Monday, September 14, 2015

9/11 Fanfic

"But speculative stories aren’t just about the rearrangement of historical possibilities. Often, they draw their power from combining emotions and thoughts that we’d prefer not to combine. A story like “Beyond the Flags” unsettles, and even offends, because it identifies two common and incompatible thoughts: on the one hand, we are appalled by the horror and randomness of 9/11; on the other, we enjoy thinking of wealthy bankers as callow, narcissistic jerks. These two streams of thought are never supposed to cross. We all know that, factually and morally, Matt Taibbi’s famous description of Goldman Sachs in Rolling Stone—“a great vampire squid wrapped around the face of humanity”—has nothing to do with the murder of thousands of innocent people on 9/11. We watch “Margin Call” and “The Wolf of Wall Street” with one part of the mind, and “World Trade Center” and “United 93” with another. All the same, even as the possibility of that connection is denied, it’s there, hovering in the mental atmosphere. Fiction, like a thunderstorm, precipitates it
"From that perspective, speculative histories are really about us—our desires, our ideas, our intuitions, however marginal, wrong, or unrealized they may be...when we say it’s “too soon,” what we really mean is that we’re not yet ready to confront these ideas and feelings in ourselves. We already have the thoughts—they’re in there. But we’d still prefer moral clarity. We’re not ready to play."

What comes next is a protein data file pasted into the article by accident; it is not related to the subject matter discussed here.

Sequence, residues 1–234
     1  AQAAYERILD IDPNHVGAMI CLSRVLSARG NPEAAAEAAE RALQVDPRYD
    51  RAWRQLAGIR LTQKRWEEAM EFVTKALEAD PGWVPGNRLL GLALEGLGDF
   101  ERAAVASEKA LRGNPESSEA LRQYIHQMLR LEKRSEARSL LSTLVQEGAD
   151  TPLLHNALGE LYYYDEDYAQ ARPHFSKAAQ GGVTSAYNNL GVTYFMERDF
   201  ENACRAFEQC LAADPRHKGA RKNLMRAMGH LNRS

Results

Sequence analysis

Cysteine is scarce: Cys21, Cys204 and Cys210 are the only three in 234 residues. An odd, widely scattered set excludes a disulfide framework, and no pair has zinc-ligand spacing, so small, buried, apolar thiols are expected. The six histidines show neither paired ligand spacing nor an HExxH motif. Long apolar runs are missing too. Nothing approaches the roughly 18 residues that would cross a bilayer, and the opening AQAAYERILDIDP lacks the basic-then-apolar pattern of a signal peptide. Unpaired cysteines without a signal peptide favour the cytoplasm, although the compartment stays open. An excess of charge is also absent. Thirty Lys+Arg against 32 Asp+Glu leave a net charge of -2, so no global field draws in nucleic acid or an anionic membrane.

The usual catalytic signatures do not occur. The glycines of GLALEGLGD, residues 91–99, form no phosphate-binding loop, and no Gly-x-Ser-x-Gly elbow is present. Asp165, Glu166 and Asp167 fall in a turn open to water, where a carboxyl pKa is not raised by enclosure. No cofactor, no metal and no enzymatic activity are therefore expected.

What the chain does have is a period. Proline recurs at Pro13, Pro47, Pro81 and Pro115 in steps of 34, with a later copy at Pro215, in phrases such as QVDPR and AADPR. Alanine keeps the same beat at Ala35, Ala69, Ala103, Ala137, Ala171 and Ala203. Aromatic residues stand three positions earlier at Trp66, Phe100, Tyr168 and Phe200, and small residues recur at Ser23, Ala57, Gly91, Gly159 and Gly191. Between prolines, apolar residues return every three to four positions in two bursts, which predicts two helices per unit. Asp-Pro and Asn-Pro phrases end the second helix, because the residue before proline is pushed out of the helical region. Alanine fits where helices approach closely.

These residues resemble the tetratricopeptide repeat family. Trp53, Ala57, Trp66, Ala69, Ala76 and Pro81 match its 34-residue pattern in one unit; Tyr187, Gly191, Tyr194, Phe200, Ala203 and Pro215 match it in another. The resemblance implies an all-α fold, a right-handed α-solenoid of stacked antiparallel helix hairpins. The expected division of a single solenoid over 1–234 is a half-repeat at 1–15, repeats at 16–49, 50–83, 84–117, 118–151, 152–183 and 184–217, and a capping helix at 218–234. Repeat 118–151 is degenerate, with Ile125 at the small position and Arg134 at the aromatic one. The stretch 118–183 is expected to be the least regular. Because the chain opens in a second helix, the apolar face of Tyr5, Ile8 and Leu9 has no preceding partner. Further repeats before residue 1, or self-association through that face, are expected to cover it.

-Joshua Rothman, The Unsettling Arrival of Speculative 9/11 Fiction, New Yorker


9/11 always seems a constant struggle against the one acceptable narrative we're supposed to have of the day.








and then there's the other, weird speculative world of 9/11 premonitions, all the ways popular culture imagined the twin towers destroyed before they actually happened.  There's dozens, maybe even hundreds of these images in comics, cartoons, action films, advertisements, et al.





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